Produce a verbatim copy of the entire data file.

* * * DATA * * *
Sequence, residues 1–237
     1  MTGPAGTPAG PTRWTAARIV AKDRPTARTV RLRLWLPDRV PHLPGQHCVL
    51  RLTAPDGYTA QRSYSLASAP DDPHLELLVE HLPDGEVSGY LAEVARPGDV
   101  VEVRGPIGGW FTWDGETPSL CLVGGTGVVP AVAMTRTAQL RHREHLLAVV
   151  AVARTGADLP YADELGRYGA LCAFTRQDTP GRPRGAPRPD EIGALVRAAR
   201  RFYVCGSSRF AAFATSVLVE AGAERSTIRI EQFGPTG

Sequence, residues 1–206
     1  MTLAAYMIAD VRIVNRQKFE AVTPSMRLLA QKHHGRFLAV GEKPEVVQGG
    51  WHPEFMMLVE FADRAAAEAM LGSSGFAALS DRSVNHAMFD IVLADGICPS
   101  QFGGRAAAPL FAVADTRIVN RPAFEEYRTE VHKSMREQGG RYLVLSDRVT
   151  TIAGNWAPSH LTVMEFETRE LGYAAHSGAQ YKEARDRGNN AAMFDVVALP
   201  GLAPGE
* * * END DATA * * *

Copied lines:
Sequence, residues 1–237
     1  MTGPAGTPAG PTRWTAARIV AKDRPTARTV RLRLWLPDRV PHLPGQHCVL
    51  RLTAPDGYTA QRSYSLASAP DDPHLELLVE HLPDGEVSGY LAEVARPGDV
   101  VEVRGPIGGW FTWDGETPSL CLVGGTGVVP AVAMTRTAQL RHREHLLAVV
   151  AVARTGADLP YADELGRYGA LCAFTRQDTP GRPRGAPRPD EIGALVRAAR
   201  RFYVCGSSRF AAFATSVLVE AGAERSTIRI EQFGPTG

Sequence, residues 1–206
     1  MTLAAYMIAD VRIVNRQKFE AVTPSMRLLA QKHHGRFLAV GEKPEVVQGG
    51  WHPEFMMLVE FADRAAAEAM LGSSGFAALS DRSVNHAMFD IVLADGICPS
   101  QFGGRAAAPL FAVADTRIVN RPAFEEYRTE VHKSMREQGG RYLVLSDRVT
   151  TIAGNWAPSH LTVMEFETRE LGYAAHSGAQ YKEARDRGNN AAMFDVVALP
   201  GLAPGE